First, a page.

Autonomous Vehicles & their Effects on the Economy and Commercial Real Estate
Advancements in technology continue to reshape the world we live in at an unparalleled pace. At Rising, we embrace change and leverage technology to develop and provide better real estate services as a result. One technological advancement we are watching in particular is how artificial intelligence will affect the “single occupant” car culture in areas where we invest. The “autonomous vehicle” is quickly becoming reality. Companies like Google and Tesla may have technological and jurisdictional challenges to overcome, but the past few years has shown a marked acceleration of investment by every major automobile manufacturer. The impact of autonomous vehicles will be felt in our society. It becomes quickly evident the commercial real estate sector will be greatly affected when the single occupant vehicle is no longer the primary mode of transportation to and from the workplace. We’ve identified several potential impacts:
- Positive impacts on the economy due to reduced traffic
According to the U.S. Census Bureau, it takes the average worker 25 minutes to travel to work. A major selling point for autonomous cars is the potential to reduce commute times by reducing traffic congestion through efficient coordination with artificial intelligence (AI) operating vehicles. By automating communication between cars and no longer relying on inconsistent human behavior to do things like signal before a lane change or merge with oncoming traffic, this technology will minimize the primary causes of traffic and road congestion by allowing more cars to occupy the same space. The math is simple: A highway lane is 12 feet wide. The average American car is about 6 feet wide. You can fit twice the cars in the same space, or from a land developer perspective, the same cars in 1/2 the space. This assumes following distances do not change. The largest variable in stopping distance on dry pavement is human reaction time. Self-driving cars can drive within inches of each other, further multiplying the capacity of our current system of roads.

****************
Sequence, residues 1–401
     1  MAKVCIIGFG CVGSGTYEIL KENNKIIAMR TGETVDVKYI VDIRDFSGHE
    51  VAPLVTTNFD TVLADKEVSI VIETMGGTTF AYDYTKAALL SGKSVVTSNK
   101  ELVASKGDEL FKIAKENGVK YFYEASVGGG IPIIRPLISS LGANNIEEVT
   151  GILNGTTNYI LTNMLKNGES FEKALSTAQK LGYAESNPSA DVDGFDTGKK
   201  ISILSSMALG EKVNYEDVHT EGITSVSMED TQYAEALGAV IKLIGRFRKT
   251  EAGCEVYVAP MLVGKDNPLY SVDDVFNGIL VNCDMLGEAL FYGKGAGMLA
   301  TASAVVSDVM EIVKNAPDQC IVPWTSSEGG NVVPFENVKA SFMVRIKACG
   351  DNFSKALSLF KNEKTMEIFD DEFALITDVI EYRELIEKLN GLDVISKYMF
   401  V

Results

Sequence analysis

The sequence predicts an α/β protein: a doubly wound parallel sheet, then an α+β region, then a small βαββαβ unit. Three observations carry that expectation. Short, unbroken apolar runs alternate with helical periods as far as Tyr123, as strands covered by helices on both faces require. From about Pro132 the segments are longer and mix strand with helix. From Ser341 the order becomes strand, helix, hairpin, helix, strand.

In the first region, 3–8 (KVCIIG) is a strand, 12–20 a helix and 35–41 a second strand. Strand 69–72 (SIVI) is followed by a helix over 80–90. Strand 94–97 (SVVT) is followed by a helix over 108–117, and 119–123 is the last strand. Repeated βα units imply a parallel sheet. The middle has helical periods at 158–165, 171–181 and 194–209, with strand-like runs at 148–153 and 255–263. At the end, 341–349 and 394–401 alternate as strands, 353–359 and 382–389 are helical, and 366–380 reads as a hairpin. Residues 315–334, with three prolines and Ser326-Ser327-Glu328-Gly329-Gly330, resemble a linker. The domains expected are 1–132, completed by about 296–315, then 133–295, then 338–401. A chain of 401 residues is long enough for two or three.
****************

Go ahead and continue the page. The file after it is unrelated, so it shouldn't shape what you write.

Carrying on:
- Geographic Location
With autonomous vehicles and reduced traffic, commute times will become more predictable. This certainty gives workers more freedom to choose where they want to live. If someone wants to live in Malibu but has to commute to DTLA, she could do so not deterred by traffic unpredictability.
- An immediate impact to asset value
In our experience, net revenue from parking for a typical office building in Southern California can yield approximately $3 to $5 per square foot annually, which can represent 15-20% of the property’s net operating income. Should parking demand completely disappear, this could result in approximately $70 per square foot of lost value, which is roughly the replacement cost for a parking structure. Landlords and parking operators will likely lower parking fees in an effort to keep garages full and net parking incomes high. Alternatively, landlords may find more value in repurposing parking garages into storage facilities or other minimal-build-out spaces.
- Change in cost per employee